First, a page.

County focuses on RNC crisis management during retreat

County leaders to examine what matters most to taxpayers during annual retreat

CHARLOTTE, N.C. — Mecklenburg County leaders have spent the past few months asking citizens what matters most to them, from affordable housing and the environment to education.

County commissioners are now those priorities and laying them all out on the table during their annual retreat, which began Wednesday.

County leaders focused on their response if a crisis happens during the Republican National Convention in August.

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They said they have been developing a crisis management plan for awhile, but the county manager said she wanted to get it in front of leaders before the RNC.

This plan is not specific to the RNC. It covers everything from cyberattacks to protests and natural disasters.

The county worked with two consultants to develop the plan and the focus is on communication.

Depending on the severity of the crisis, the county's response to it would be escalated.

Many commissioners see their role as amplifying the county's message and delegating to staff.

Leaders are preparing for all situations and said they are glad to receive risk-management training ahead of this major event that will bring tens of thousands of people to the city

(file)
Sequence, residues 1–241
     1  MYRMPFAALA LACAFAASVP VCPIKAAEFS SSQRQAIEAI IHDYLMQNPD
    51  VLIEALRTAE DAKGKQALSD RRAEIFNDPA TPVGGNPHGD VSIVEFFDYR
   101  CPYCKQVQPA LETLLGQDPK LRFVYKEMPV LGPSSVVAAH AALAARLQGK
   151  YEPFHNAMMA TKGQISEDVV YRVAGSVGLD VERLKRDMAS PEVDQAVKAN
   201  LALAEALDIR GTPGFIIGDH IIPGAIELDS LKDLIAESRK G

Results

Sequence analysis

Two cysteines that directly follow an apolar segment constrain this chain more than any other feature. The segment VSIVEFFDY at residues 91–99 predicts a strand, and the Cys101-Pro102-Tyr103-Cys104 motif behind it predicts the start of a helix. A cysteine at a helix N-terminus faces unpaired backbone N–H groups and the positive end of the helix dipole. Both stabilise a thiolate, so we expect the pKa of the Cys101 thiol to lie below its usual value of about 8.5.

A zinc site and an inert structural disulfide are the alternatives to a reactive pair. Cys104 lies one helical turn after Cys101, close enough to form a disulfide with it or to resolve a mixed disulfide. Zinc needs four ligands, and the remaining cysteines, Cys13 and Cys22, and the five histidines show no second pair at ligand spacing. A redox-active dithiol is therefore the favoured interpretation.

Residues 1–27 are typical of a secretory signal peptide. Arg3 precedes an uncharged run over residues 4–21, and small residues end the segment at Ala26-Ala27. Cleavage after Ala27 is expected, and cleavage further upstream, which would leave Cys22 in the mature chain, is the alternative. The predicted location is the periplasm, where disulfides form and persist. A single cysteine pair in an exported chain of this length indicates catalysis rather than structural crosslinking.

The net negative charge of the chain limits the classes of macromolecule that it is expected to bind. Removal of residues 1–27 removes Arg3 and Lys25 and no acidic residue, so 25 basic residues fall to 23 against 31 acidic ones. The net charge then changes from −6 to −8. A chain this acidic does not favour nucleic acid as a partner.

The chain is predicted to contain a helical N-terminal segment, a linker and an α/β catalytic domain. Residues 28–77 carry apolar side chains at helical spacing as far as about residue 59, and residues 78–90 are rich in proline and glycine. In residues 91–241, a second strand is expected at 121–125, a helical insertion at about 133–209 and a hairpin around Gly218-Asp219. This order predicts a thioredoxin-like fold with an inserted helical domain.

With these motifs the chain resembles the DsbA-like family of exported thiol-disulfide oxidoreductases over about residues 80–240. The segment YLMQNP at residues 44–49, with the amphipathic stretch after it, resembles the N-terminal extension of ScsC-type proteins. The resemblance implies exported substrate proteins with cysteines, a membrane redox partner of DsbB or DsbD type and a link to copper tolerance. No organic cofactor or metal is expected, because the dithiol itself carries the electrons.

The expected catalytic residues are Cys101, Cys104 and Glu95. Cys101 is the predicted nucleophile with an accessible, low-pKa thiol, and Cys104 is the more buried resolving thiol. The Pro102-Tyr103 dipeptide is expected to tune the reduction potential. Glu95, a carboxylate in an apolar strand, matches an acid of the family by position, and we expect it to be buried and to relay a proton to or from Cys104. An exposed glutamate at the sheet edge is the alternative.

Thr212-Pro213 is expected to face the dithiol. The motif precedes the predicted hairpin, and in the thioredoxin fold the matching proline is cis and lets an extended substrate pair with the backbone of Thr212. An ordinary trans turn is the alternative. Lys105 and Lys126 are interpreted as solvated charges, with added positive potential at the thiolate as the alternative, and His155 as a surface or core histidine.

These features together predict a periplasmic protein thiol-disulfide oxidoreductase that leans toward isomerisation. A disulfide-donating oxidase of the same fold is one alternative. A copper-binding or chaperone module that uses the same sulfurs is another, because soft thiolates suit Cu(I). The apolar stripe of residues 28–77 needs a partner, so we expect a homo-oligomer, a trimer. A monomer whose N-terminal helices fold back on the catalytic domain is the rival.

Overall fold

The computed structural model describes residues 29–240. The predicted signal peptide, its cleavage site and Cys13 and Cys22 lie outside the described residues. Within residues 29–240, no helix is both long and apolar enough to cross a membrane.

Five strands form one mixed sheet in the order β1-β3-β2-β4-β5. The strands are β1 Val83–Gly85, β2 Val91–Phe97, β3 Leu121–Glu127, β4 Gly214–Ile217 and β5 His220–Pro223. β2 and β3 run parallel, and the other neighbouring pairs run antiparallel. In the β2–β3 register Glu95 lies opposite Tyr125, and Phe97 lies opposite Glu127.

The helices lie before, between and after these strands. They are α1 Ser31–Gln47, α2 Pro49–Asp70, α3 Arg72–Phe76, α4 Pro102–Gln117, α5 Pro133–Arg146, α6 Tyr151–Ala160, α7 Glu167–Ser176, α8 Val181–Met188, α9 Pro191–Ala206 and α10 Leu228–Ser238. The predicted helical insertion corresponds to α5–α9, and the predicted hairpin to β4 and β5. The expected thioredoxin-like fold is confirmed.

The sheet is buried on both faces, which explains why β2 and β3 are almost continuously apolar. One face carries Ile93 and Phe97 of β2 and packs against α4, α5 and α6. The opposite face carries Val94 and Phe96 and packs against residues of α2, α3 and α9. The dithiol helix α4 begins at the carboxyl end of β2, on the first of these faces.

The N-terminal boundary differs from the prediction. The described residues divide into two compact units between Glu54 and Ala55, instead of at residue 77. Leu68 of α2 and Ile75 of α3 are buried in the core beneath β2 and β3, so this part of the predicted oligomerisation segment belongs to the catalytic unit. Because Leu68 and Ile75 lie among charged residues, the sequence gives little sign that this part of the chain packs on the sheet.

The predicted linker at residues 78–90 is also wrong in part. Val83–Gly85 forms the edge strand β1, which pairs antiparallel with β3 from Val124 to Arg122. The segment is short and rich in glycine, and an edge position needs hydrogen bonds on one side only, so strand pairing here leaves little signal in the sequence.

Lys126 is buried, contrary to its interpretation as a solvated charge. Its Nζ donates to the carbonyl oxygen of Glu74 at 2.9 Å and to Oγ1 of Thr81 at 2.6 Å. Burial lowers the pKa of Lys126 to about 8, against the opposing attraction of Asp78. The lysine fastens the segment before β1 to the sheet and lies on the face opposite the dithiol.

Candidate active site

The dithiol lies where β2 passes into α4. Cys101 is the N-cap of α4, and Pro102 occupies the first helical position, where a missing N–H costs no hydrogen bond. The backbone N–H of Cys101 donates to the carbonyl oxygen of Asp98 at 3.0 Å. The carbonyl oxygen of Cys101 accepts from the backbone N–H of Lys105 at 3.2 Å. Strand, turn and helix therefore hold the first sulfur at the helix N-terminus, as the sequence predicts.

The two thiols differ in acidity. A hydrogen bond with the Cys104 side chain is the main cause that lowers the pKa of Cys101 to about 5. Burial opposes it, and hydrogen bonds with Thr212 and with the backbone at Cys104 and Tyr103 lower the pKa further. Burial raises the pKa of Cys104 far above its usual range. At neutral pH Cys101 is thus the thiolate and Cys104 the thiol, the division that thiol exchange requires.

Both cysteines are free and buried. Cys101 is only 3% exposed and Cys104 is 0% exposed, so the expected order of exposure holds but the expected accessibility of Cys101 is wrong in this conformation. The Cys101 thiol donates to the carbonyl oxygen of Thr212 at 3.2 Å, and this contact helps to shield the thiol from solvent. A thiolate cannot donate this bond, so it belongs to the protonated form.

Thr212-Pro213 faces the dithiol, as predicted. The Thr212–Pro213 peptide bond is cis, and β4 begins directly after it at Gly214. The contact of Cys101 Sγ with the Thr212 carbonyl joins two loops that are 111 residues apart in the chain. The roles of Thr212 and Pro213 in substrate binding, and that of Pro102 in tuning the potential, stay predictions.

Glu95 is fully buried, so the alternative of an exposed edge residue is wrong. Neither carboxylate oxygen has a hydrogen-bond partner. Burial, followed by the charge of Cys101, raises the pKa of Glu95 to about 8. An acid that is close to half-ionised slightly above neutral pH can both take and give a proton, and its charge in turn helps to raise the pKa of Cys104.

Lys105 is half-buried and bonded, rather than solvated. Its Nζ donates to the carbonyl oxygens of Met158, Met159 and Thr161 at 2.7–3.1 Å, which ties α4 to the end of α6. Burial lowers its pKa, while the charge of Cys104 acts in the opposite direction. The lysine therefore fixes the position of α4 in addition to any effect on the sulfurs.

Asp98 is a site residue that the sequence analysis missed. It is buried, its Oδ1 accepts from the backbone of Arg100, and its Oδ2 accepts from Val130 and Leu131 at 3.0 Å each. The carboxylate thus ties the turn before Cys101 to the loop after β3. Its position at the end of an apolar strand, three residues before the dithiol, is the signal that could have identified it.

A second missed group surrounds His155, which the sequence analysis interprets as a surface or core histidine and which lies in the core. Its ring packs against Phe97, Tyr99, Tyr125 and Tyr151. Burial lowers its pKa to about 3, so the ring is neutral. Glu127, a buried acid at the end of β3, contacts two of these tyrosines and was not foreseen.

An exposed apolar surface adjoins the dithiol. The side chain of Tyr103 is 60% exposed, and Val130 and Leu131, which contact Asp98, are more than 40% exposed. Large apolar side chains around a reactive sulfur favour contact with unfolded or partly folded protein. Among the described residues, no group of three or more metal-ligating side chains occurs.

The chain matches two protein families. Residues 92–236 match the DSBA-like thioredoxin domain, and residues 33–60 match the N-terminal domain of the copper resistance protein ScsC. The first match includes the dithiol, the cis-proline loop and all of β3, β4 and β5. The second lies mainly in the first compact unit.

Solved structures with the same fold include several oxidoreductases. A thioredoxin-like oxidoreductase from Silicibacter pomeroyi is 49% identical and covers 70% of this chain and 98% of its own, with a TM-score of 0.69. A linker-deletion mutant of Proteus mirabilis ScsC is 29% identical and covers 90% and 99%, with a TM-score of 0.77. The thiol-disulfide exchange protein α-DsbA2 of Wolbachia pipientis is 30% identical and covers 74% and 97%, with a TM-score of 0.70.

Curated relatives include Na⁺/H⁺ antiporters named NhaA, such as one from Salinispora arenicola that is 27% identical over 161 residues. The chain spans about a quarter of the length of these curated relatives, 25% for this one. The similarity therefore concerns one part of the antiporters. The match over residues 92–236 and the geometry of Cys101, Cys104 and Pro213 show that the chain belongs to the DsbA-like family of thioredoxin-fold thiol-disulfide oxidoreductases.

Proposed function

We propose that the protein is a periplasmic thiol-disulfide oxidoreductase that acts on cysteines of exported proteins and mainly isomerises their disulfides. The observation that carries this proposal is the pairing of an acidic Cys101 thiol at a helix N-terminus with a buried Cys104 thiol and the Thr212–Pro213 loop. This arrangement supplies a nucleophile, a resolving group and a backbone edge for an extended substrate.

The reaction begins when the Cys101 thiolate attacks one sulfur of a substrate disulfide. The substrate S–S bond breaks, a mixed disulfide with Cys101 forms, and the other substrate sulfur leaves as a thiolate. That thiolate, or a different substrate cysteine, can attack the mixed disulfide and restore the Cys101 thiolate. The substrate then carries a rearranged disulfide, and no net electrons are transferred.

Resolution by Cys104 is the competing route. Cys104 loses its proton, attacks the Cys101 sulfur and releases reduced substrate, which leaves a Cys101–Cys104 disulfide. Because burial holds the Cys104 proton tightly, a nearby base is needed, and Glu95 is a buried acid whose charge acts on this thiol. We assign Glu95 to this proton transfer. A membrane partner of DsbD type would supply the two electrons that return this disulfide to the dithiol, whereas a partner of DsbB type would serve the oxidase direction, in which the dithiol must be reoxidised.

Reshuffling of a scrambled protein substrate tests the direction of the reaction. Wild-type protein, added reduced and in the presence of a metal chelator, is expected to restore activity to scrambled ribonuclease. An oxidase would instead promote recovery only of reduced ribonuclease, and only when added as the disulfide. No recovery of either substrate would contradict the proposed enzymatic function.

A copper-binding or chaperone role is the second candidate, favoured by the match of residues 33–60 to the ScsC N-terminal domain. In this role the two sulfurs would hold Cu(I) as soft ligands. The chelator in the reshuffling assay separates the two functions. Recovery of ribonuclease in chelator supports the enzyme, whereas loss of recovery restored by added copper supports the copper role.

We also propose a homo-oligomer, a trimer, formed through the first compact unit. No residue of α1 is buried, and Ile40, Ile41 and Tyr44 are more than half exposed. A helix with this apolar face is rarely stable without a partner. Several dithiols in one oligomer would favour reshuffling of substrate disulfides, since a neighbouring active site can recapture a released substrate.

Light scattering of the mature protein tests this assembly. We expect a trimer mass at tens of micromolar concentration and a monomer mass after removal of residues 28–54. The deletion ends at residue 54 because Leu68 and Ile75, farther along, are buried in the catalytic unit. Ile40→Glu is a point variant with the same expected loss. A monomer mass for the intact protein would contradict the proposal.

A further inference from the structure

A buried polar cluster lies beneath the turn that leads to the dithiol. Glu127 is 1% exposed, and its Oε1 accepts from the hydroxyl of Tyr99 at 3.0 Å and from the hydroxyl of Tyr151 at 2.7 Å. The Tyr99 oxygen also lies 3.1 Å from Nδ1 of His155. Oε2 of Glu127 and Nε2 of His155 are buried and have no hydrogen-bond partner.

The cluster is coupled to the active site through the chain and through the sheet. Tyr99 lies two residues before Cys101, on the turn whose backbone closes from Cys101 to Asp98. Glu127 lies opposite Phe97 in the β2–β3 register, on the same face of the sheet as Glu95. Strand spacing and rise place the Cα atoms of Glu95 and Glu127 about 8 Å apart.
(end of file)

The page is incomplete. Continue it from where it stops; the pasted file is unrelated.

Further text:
“We want to make sure what the board knows, what our approach is going to be, and how they are going to manage risk through the event, and how to respond to it if we need to,” County Manager Dena Diorio said.

There may be a funding component through the budget process to beef up security systems and other related areas that could be a target.

“Given the fact we had this training today, it kind of helps put us in the right mindset of what to anticipate and how to respond to it,” County Chairman George Dunlap said.

County leaders to examine what matters most to taxpayers during annual retreat

Last fiscal year, the county budget was $1.9 billion.

Earlier this month, the county launched an online survey asking people to rank their spending priorities for things like criminal justice, economic development, education and environment.

More than 2,300 people completed the survey.

The top two issues they asked the county to address were Meck Pre-K and the arts.

During the county retreat, commissioners are also expected to talk about the level of violence in the city. Last fall, leaders labeled the situation a public health crisis.

Mecklenburg County Health Director Gibbie Harris told Channel 9 she wants to bring in activist groups to help stop the violence. She said they’re also working to prevent suspects from reoffending and partnering with Atrium Health to help gun violence victims.

Viewing violence as a public health crisis is also on the minds of city leaders. Charlotte has been using data to help target four areas in the Queen City that see the most violent crime.

Charlotte City Council analyzes 2019 violent crime data